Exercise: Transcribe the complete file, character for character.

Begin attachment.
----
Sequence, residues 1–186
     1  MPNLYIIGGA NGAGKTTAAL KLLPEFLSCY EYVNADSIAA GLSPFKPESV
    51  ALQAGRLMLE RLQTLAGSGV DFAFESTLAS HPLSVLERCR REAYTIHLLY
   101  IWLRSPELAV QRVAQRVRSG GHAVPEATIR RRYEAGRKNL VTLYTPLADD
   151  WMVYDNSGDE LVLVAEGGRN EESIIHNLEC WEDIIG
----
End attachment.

Sequence, residues 1–186
     1  MPNLYIIGGA NGAGKTTAAL KLLPEFLSCY EYVNADSIAA GLSPFKPESV
    51  ALQAGRLMLE RLQTLAGSGV DFAFESTLAS HPLSVLERCR REAYTIHLLY
   101  IWLRSPELAV QRVAQRVRSG GHAVPEATIR RRYEAGRKNL VTLYTPLADD
   151  WMVYDNSGDE LVLVAEGGRN EESIIHNLEC WEDIIG